Tech: Lyft just gave its drivers a major advantage over Uber
Lyft drivers can now accept a ride in advance — a first in the ride-hailing industry.
Uber and Lyft drivers are often at the whims of the app that dictates what rides are coming in. The idea was to give drivers the ultimate in work flexibility — sign on to work when you want, and then wait for the ride requests to pour in.
But on Friday, Lyft introduced a new way for drivers to book rides in a change to how the nascent industry has worked.
Now when riders schedule rides in advance, drivers can choose to accept them days or hours beforehand, with full knowledge of where the passenger is going and how long it may take them.
"It gives the drivers control over their schedule and think about what they're going to do," said Tali Rapaport, Lyft's vice president of product. "We can now give certainty."
While flexibility has long been the battle cry in attracting drivers to join platforms like Uber and Lyft, locking drivers into rides in advance doesn't impinge on their freedom, Rapaport says. Instead, it gives them more of an advantage in choosing prebooked rides that work with their schedules.
The launch of scheduled rides for drivers is one of a series of changes for drivers the company is rolling out on Friday. Others are a new driver app and "power zones" that give drivers bonuses.
"Taking a step back, there isn't going to be one silver bullet to make the experience better for the driver," Rapaport said.
The war over drivers
In the ride-hailing battle between Lyft and Uber, Lyft is generally perceived as the more driver-friendly company. But Lyft had trailed Uber in one important area: offering drivers a dedicated app to help them get their jobs done.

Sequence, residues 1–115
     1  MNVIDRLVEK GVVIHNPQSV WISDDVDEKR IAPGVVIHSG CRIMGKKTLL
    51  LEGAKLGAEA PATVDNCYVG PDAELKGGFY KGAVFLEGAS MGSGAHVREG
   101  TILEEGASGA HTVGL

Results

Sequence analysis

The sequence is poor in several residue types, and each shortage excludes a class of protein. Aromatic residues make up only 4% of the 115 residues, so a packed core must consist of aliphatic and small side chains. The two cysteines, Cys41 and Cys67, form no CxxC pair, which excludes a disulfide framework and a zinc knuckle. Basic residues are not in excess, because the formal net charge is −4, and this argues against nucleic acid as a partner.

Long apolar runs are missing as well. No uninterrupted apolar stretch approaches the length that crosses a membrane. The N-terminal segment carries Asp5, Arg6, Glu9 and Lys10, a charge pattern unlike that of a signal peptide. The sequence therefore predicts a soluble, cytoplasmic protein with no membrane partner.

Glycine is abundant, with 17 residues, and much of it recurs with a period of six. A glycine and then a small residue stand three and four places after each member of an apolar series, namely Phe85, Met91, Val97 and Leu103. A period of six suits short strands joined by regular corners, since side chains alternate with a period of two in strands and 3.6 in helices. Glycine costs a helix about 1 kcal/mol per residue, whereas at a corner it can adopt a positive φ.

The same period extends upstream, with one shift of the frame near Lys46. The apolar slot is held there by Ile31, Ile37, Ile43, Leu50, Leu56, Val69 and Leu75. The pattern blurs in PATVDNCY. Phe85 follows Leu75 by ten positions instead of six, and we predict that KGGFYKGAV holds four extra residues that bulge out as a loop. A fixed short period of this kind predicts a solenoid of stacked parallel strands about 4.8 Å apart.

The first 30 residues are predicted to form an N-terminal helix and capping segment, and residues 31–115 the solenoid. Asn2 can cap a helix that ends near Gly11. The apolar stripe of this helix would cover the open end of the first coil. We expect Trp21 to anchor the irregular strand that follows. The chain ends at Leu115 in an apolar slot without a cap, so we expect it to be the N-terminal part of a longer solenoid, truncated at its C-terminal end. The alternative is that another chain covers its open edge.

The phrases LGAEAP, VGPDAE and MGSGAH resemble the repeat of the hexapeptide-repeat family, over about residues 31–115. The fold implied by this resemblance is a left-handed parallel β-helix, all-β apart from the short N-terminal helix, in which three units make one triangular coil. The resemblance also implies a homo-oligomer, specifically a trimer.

"It was overdue a little bit," said Christian Perea, a ride-sharing expert who writes for The Rideshare Guy. "Lyft was trying to run two of the same things out of one app."
Lyft had held off on developing its driver app because it was easier to maintain one code base instead of splitting it, Rapaport said. Now that Lyft has grown and built out its driver team, the company decided to invest in the standalone app. The move benefits both passengers and drivers — the apps will take up less space on a phone because the features won't be sandwiched together.
"One of the things we want to continue to make better is the actual experience of driving," Rapaport said.
Business Insider first spotted the rollout of the app in early May, but the company is making the launch official on Friday as it transitions all drivers to it.
The app also includes scheduled pickups and the so-called power-zone feature, which gives drivers bonuses for accepting rides in a neighborhood like New York City's Financial District during the afternoon rush hour.
"It helps us get drivers on the road when passengers really need them," Rapaport said. "It kind of gives drivers control over what they're making."
While each change might seem minor, they're all part of the war among companies like Uber and Lyft over the limited supply of drivers. Each company tries to ply drivers with different incentives, and adding something like the ability for drivers to pre-accept rides gives Lyft an advantage.
"At the very minimum, it's going to have me going out earlier or maybe going home earlier," Perea said about choosing his rides in advance. "I suspect there will be more drivers looking for scheduled rides than riders will be requesting them."
Now that the company has its driver app, Perea also expects more features down the road. One thing Lyft drivers want is more transparency behind fares — a move Uber made earlier this week when it started itemizing receipts.
Lyft's focus on treating its drivers well and listening to their needs is one of the core ways it has invested in increasing its share of the complicated and competitive market.
"I think we have to keep investing in treating drivers better," Rapaport said. "We know drivers have a choice. We keep making the experience for driving for Lyft great."